I have 3 tanks that all have two filters in them. They are (finally) all established. I was wondering how often I should clean the filter/change the carbon pad in the filter(s). I am terrified that cleaning the filter(s) would kill or eliminate too many good bacteria, so I'm at a loss here.
I have a 40 gallon tank with goldfish and minnows and a tetra whisper filter and some power filter
a 20 gallon tropical tank with two tetra whisper filters
and a 3.5 gallon tank with one betta and 3 mini tetra whisper filters
I'm so paranoid that I will kill bacteria by cleaning the filters that I haven't done anything with them.
Activated charcoal is usually effective for only a few weeks, because it gets clogged up.
To clean other filter elements without removing beneficial bacteria, gently swish them around in used aquarium water. Replace them one at a time and only when they are completely worn. Beneficial bacteria also live in the aquarium substrate, so a reasonable amount of cleaning will not substantially reduce their population.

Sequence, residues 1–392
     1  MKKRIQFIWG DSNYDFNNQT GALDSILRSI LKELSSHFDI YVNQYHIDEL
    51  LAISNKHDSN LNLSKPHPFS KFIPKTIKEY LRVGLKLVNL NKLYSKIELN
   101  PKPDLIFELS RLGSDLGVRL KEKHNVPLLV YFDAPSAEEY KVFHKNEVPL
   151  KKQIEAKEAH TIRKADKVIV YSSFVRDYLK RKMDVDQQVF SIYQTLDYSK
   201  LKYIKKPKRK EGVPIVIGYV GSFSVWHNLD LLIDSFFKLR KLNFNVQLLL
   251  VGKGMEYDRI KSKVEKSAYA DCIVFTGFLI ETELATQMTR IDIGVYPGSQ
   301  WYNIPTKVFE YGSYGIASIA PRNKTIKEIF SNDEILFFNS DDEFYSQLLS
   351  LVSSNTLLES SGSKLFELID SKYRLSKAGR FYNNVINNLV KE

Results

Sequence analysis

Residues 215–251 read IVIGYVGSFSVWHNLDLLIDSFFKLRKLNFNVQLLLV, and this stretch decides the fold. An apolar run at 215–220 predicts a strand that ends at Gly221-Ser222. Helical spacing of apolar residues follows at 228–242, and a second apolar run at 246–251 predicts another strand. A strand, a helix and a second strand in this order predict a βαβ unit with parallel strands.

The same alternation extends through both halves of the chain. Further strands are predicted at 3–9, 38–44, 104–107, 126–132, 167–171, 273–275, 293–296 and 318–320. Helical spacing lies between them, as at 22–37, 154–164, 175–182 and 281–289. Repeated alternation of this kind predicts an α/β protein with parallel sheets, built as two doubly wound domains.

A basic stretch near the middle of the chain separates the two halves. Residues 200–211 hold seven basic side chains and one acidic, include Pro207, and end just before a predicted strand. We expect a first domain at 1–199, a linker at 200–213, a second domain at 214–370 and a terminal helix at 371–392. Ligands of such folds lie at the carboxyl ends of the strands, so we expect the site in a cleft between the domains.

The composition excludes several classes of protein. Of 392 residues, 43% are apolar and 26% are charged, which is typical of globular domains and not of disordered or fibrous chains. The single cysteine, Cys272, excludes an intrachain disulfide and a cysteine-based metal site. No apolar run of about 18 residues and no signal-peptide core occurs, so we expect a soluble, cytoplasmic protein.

Healthy bacterial colonies will grow in response to available nitrogen compounds.
okay thank you
U seem like the guy I need to talk to!!! I have 2 angel fish in a 55gallon and I think I have two males. Is that OK or should I get a female??
Angelfish gender is obvious only when they are actually spawning. A few characteristics will help with the guessing, and here they are:
If you have two angelfish of the same gender, the contests will be primarily territorial. A courting pair will shake dance and posture and lip lock (remember those teenage years) then start jointly defending a territory. Two males will fight for dominance, and one will be vanquished. Two females have been known to deposit eggs together, but none of the eggs is fertile.
One way to get a spawning pair is to buy six juveniles from the same spawn. Since males tend to be larger than females, buy three large and three small angelfish. This is likely to produce at least one spawning pair, which will then need their own aquarium of adequate size.
It's one of many ways afflicted aquarists develop a case of persistent MTS (multiple tank syndrome). You are always welcome to join our informal MTS support group.